A Leap of Faith - Why the Long Jump Deserves More Love
We're shining a spotlight on the amazing, technical wonders that are achieved in the field events. Learn what it takes to set the Long Jump Olympic Record.
This event is less of a jump, more of a flight plan. You start on a runway and attempt to gain as much speed as possible, under complete control, without decelerating.
At top speed, you have to lower your center of mass at just the right time, getting your hips into the most powerful position to jump.
If done right, this should occur on the third to last step. Your next stride, called the penultimate step, should be longer.
You must then methodically sense the takeoff board underfoot while not stepping over it as you launch yourself skyward. Athletes spend decades training to master these last three steps.
Like a jet, you take off, lifting your entire body into the air while tucking your legs into a pike position during the flight phase.
Then you skillfully land as far as possible in a sand pit to make the farthest possible mark in the sand with your body.
The best long jumpers take a single leap that is equivalent to jumping from the top of an NBA three-point line to the baseline!
You know, the one behind the basket, where the photographers sit.
All the while during this landing, jumpers withstand an impact with forces up to 10 times their body weight.
How the Long Jump is Measured
The distance is measured from the take off board to the first mark in the sand closest to the board.
Now do this again and again (unless you’ve gotten a mark you’re sure your opponents won’t match), until everyone has come crashing back to earth three times. The farthest mark wins.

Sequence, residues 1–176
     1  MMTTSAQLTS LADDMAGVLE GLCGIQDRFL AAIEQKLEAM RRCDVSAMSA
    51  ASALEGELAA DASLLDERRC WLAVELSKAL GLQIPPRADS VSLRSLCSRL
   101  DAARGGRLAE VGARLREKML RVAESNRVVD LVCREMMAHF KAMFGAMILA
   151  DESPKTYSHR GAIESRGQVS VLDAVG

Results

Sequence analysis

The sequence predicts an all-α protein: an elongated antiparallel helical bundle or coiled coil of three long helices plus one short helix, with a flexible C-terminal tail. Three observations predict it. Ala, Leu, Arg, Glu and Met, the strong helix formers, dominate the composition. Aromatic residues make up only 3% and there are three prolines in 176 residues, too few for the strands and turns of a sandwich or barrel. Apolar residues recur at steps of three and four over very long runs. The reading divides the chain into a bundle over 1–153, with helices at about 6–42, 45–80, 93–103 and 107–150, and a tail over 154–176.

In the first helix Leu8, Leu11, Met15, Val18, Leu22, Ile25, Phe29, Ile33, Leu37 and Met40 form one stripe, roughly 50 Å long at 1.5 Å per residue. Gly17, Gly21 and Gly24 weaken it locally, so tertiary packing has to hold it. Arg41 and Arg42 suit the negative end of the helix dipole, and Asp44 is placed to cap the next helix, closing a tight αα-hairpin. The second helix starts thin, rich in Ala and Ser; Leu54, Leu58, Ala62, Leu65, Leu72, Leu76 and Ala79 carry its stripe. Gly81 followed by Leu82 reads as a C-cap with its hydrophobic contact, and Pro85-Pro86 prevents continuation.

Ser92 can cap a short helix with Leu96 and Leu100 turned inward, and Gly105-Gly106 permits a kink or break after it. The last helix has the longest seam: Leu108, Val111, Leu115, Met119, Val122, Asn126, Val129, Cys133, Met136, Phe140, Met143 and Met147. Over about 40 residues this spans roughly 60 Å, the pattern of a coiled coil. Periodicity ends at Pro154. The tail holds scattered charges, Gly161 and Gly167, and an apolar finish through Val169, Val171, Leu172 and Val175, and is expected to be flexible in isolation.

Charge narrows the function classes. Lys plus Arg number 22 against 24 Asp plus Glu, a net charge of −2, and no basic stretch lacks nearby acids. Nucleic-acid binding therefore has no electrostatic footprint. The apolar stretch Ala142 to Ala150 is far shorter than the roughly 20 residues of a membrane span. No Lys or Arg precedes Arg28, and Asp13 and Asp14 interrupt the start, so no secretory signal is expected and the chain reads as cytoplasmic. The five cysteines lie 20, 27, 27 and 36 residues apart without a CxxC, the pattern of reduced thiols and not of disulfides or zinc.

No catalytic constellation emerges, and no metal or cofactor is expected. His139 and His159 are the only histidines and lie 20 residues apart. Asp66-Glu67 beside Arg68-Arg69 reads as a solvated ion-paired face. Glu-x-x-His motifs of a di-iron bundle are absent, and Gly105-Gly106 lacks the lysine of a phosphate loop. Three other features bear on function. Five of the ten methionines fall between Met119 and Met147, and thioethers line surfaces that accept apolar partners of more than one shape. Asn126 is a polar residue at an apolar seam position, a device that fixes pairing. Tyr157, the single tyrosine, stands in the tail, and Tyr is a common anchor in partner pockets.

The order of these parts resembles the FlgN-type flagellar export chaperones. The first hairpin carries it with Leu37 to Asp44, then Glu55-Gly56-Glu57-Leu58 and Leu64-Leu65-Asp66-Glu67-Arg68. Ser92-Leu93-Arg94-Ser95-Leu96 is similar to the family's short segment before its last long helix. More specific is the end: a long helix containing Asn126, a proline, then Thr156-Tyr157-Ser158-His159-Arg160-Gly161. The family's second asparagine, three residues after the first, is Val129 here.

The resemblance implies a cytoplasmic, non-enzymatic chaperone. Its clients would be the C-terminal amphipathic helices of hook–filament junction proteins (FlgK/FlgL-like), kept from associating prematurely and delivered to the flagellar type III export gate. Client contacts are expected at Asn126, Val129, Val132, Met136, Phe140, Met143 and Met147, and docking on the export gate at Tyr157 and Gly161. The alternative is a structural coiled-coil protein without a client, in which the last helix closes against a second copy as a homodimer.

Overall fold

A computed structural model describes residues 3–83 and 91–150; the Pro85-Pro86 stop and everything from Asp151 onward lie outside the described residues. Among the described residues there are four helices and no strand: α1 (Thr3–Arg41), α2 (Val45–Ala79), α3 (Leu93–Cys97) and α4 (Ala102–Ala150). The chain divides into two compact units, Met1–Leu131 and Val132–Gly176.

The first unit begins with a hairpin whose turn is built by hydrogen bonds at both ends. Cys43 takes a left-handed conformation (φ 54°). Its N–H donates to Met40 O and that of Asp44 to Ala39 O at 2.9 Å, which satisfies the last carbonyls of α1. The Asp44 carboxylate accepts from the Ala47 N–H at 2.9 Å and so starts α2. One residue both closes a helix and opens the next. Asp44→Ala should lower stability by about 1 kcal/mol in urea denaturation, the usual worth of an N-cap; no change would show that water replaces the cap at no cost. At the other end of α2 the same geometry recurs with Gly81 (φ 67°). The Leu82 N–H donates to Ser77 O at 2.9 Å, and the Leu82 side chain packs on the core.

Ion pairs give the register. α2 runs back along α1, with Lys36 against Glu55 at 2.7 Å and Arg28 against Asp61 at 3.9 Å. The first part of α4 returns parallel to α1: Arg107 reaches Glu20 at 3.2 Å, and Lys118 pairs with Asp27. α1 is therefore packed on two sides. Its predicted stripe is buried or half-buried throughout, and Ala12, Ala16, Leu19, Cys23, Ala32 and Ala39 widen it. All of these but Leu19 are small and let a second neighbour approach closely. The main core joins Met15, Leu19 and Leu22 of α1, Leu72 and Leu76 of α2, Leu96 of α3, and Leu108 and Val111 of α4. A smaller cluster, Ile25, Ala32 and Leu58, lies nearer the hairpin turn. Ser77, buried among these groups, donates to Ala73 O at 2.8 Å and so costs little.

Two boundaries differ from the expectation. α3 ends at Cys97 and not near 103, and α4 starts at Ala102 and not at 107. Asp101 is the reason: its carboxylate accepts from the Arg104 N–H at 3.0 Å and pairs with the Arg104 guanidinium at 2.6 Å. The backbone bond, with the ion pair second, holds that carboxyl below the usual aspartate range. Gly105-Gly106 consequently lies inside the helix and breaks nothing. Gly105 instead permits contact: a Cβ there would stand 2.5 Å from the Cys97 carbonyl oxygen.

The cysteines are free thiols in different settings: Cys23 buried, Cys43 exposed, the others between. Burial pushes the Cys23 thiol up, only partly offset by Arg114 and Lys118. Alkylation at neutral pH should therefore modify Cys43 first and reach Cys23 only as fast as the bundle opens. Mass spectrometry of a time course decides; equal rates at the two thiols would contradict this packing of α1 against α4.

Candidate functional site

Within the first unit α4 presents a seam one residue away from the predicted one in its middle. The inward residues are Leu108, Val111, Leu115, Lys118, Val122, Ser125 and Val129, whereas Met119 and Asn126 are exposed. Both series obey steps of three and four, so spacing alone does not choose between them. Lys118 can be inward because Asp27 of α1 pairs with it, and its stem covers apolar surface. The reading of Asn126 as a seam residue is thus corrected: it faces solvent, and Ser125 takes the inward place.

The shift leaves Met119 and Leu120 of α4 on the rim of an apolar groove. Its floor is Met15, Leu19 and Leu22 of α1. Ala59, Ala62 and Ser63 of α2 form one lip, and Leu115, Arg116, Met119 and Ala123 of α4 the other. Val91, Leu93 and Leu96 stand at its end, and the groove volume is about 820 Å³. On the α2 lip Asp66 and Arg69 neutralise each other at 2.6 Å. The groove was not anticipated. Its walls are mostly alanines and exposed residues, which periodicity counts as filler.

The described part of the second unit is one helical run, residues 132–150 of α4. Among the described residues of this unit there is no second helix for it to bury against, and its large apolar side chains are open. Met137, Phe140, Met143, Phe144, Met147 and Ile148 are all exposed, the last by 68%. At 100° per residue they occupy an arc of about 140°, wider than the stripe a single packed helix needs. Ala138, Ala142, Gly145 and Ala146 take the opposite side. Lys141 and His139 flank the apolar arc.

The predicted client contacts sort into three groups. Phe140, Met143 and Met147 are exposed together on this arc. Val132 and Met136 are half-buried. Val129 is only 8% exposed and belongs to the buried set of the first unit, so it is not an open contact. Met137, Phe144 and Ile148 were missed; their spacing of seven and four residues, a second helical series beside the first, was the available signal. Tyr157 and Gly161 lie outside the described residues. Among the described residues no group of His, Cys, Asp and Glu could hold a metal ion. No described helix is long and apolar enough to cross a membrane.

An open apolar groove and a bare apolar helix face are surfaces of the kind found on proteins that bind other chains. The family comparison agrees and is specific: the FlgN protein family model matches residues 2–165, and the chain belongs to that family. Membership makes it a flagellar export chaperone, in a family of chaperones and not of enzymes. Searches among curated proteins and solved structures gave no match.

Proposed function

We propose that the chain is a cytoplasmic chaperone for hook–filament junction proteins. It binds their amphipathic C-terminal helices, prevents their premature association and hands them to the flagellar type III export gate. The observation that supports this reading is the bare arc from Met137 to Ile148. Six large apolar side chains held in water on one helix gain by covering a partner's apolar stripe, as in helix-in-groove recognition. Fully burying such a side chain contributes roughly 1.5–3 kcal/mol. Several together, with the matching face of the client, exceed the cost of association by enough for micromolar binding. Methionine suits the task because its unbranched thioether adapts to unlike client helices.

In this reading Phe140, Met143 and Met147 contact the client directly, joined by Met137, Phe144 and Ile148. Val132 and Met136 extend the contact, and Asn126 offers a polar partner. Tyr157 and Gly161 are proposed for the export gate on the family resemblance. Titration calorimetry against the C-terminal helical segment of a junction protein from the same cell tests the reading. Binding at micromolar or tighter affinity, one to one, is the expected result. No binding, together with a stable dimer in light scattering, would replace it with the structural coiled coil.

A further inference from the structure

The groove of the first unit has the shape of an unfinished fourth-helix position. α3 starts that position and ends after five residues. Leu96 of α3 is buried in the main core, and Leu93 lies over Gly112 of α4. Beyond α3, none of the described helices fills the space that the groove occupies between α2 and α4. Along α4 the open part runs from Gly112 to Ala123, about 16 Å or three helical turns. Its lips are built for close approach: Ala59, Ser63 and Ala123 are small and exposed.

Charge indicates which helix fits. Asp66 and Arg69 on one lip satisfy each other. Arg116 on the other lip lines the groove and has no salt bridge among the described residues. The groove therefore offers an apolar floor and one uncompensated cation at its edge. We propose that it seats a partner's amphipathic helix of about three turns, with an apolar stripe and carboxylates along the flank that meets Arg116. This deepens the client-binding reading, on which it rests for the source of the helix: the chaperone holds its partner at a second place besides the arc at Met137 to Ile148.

Even Jordon’s got nothing on their flight skills.
Long Jump Olympic Records
Men’s Long Jump Olympic Record
29 feet, 2 inches – 8.90 meters
Bob Beamon, United States 1968
About nine months before a man landed on the moon, Bob Beamon made one very giant leap at the 1968 Olympic games in Mexico City. Prior to this jump, the record stood at 27 feet 4 and ¾ inches – 8.35 meters.
Beamon’s record shattering jump increased it by a staggering 21 and ¾ inches.
In long-jumping terms, that was equivalent to reducing the winning marathon time by 30 minutes or the 100 meter sprint by a full second!
At 29 feet, 2 inches, his long jump olympic record still stands more than 50 years later.
Women's Long Jump Olympic Record
24 feet, 3 inches – 7.40 meters
Jackie Joyner-Kersee, United States 1988.
A field event list would not be complete with the crowned and confirmed “Greatest Female Athlete of the 20th Century.”
Only six other track and field athletes in history have felt the weight of six Olympic medals around their necks.
For her performance in the 1988 games in Seoul, Jackie Joyner-Kersee won not one but two medals – one being the long jump olympic record, the other in the heptathlon.
Oh, and she also broke the world record in both events…with an injured knee. She’s the OG first lady of track and field.
Long Jump World Records
Men’s Long Jump World Record
29 feet, 4.25 inches – 8.95 meters
Mike Powell, Japan, 1991
Sometimes the competition brings out the best of you.
This was undoubtedly the case for Mike Powell at the World Championships in Tokyo on August 30, 1991.
In one of the best competitions that ever occurred in track and field, Powell and Carl Lewis showed the world what happens when two legends face off.
Going jump for jump, Powell took his record-breaking leap on his fifth try. But Lewis still had two jumps remaining.
On his fifth attempt, Carl Lewis bested his own personal record, jumping 8.87m. But he would not go any farther.
On this fateful day, Powell not only took the long jump world record but also broke the dominance of Lewis, who had been undefeated for ten years. Powell’s jump remains one of the longest-standing world records in sport.
Women’s Long Jump World Record
24 feet, 8 inches – 7.52 meters
Galina Chistyakova, Russia, 1988
Galina Chistyakova, a Ukrainian-born long jumper, competed for the Soviet Union for most of her career. She reached her world record distance at a track meet in Leningrad in 1988.
Though she only jumped 3 centimeters (1.1 inches) farther than the previous record, no woman has jumped within 10 centimeters (3.9 inches) in twenty years.
Since then, the Soviet Union dissolved and Leningrad became St. Petersburg. But Chistyakova’s world record still stands.
If you would like to learn the most effective system for training and coaching elite long jump technique, check out Janay DeLoach Soukup's masterclass, Jumping Smarter, Jumping Farther.